Studies have shown that while these electronically recorded dosing histories might represent a measure of active dosing intent rather than direct evidence of ingestion, they do align with bioanalytical measures in 97% of cases. This demonstrates the ability of electronic monitoring to facilitate a data-rich continuous assessment of drug exposure between visits from trial coordinators.2


With a view to closing this ingestion-evidence gap entirely, electronic monitoring techniques have evolved further. An example is the ‘smart pill’, which is based on a patient-safe microcircuit being integrated within solid oral drug forms. The circuit is activated by gastric acid, triggering the generation of a weak radio signal that conveys information on the drug’s identity and the timing of ingestion. This signal is detected, amplified, and retransmitted to a more distant source via a signal-detection skin patch or necklace worn by the patient.


Smart pills are undoubtedly a highly effective means of proving ingestion, bringing significant value to focused settings such as Phase I studies. It is fair to say, however, that this particular method does face challenges when deployed at scale in terms of drug stability, patient intrusiveness and logistics.3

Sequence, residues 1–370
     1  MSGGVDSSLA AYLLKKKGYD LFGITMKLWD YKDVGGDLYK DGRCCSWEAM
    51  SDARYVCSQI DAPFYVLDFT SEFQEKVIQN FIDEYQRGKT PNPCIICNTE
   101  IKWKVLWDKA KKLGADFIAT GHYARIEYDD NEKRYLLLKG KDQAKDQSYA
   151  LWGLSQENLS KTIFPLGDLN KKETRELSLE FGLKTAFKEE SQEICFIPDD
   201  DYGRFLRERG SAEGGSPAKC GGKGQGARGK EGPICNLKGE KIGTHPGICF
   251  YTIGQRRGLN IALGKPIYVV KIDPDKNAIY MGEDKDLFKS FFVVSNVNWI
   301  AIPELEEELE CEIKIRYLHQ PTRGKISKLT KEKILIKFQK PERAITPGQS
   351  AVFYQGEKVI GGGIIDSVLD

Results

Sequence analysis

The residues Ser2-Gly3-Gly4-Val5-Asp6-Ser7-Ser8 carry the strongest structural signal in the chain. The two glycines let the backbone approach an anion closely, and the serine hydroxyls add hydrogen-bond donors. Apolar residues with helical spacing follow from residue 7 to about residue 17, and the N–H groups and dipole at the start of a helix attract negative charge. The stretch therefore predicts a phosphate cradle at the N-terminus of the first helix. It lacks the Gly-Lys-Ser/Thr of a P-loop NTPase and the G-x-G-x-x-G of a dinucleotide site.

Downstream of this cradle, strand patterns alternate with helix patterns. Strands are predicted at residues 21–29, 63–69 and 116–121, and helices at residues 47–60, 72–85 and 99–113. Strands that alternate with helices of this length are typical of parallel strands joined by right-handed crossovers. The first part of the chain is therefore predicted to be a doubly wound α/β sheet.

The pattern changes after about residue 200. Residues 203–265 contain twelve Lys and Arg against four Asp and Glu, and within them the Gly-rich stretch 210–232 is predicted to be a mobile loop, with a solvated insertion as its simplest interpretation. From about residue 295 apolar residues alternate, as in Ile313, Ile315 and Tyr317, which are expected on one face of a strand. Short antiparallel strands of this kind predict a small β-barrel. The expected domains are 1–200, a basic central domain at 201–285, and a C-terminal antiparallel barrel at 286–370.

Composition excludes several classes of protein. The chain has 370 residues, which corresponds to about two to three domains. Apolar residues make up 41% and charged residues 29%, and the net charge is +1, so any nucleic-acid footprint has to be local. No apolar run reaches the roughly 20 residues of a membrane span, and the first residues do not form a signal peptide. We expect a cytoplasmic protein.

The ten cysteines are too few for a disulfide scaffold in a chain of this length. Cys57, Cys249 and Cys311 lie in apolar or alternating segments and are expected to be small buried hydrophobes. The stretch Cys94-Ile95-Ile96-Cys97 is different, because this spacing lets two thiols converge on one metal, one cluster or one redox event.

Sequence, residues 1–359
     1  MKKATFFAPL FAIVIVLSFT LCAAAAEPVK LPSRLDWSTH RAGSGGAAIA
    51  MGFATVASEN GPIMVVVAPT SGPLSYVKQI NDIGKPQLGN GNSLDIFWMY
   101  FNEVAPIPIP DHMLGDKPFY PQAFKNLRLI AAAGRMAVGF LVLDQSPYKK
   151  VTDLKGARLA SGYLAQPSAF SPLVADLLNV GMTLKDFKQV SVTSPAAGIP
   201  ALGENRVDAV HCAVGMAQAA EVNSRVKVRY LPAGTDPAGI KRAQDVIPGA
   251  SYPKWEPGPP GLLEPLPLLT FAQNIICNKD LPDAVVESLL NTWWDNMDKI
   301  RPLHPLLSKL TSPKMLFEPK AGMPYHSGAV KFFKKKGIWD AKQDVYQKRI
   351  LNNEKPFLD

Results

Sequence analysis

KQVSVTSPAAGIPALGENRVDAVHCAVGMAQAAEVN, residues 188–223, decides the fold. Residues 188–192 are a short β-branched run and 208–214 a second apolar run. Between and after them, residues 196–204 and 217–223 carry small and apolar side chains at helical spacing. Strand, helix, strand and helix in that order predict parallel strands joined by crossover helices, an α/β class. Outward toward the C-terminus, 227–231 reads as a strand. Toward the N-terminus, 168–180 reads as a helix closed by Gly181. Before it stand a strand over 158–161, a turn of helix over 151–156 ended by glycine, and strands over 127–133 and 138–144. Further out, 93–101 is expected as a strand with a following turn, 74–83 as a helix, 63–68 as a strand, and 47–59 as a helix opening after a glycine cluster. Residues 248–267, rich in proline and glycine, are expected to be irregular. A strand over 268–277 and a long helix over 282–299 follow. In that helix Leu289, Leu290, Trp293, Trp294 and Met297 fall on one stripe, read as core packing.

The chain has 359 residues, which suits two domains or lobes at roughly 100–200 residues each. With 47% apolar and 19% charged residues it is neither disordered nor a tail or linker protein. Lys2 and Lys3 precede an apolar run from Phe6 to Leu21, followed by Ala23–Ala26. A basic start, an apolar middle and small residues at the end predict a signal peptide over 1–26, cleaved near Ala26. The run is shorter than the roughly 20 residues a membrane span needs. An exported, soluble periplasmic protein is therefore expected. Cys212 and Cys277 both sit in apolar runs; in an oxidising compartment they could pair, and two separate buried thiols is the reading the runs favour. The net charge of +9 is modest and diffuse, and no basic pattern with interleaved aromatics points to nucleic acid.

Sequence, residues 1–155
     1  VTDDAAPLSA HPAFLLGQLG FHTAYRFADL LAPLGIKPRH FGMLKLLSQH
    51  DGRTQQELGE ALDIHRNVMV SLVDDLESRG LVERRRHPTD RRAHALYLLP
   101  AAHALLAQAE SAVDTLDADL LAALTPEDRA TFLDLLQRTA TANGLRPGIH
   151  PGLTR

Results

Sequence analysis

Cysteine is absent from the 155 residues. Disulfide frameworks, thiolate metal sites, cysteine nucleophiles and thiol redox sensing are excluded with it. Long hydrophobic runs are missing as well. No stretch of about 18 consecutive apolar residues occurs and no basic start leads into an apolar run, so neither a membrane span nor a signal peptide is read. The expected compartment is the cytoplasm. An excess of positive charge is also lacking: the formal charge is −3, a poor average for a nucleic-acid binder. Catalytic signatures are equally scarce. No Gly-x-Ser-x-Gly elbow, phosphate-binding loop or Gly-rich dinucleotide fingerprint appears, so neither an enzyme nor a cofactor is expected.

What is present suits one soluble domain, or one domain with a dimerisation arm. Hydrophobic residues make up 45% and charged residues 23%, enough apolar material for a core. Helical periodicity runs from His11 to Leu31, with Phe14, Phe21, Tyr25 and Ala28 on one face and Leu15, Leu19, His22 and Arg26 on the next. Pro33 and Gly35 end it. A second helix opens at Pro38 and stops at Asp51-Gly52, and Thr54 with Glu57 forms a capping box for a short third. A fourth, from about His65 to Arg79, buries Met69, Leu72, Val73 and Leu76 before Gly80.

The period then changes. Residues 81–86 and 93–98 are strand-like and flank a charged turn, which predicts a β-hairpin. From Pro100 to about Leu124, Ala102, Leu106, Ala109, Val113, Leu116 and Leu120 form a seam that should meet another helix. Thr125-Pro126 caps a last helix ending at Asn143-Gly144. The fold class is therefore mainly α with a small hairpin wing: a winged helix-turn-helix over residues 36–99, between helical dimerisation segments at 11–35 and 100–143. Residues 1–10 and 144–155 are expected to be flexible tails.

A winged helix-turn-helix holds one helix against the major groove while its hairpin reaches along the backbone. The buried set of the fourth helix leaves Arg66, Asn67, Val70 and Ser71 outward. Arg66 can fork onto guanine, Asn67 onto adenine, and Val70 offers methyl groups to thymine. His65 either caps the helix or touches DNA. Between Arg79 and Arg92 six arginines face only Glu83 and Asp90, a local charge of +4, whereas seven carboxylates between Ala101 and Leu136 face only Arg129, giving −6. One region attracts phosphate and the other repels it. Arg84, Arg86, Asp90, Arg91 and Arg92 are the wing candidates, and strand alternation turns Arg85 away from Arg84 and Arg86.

Sound preparation is critical to the successful implementation of electronic monitoring. This begins with selecting the appropriate device for data collection based on the requirements of the trial in question. Smart pill bottles or blisters have the capacity to generate substantial amounts of complex data related to medication adherence, and so it is important to consider how that data will be stored, managed and processed. Only then can stakeholders be assured that the resulting outputs will support the required analysis.


Where studies are correctly designed, electronically compiled adherence data achieves several key objectives:

  • For patients, the processed data delivers feedback on adherence behavior, fostering engagement and helping motivate participants to contribute fully in the study.